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Two of the country's most beautiful national parks are reporting an ugly outbreak of illness.
The National Park Service is warning visitors going to Yellowstone and Grand Teton national parks this summer to make an extra effort to wash their hands.
In an announcement this week, the park service said 200 people, including visitors and park workers, have been stricken with norovirus, a nasty gastrointestinal illness that is highly contagious.
Those sickened were visiting the park in northwestern Wyoming as well as areas in Montana outside the two parks, CNN reports.
In one case that occurred on June 7, 50 members of a tour group visiting Mammoth Hot Springs - a part of Yellowstone located on the Montana-Wyoming border - went to park medical clinics complaining of vomiting, diarrhea and stomach pain. Park employees who had been in contact with the group reported similar symptoms within 48 hours.
Some tested positive for norovirus - also known as the cruise-ship virus - a highly contagious illness that is spread by contact with an infected person or contaminated food, water or surfaces, according to the Centers for Disease Control and Prevention.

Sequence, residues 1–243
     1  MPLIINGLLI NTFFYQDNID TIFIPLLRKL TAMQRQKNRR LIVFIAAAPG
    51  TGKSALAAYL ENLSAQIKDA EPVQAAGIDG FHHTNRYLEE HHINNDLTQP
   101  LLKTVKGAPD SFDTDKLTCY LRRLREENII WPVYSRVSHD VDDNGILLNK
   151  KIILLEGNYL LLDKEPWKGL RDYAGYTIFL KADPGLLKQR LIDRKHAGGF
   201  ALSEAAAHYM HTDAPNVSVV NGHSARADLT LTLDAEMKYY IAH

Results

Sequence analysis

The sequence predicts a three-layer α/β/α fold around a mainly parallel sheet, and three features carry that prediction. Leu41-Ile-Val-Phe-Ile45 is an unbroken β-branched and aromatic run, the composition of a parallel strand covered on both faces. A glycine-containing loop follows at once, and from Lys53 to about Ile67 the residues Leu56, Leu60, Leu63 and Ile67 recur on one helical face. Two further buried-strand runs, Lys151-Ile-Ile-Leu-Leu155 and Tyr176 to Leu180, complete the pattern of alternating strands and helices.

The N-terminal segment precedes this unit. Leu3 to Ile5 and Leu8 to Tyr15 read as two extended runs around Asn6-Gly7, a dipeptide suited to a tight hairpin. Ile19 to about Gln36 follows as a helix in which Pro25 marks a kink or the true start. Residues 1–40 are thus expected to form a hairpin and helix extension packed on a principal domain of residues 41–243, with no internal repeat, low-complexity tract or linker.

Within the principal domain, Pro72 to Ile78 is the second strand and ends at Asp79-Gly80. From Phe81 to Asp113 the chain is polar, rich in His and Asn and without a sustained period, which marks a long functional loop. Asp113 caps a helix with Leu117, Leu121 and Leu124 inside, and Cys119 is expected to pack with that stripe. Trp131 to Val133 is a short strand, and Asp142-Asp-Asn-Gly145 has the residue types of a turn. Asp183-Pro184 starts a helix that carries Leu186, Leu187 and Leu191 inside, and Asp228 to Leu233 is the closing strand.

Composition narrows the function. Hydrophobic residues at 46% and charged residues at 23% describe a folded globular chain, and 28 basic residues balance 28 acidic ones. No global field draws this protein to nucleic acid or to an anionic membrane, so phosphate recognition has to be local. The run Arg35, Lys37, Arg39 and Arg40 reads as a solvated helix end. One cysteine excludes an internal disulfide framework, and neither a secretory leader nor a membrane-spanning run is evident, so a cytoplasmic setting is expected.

The park service said that in addition to cases of norovirus among visitors, more than 100 suspected cases among Yellowstone employees and another 50 suspected cases among Grand Teton workers have also been reported.
To protect both visitors and workers, the park service and businesses in the parks are taking special measures, including more frequent cleaning and disinfection of public areas. Park workers who show signs of infection must be symptom-free for 72 hours before returning to their duties, CNN reported.
Visitors are advised to wash their hands frequently with soap, especially after using the bathroom, changing diapers and always before eating or preparing food.
Photo: National Park Service
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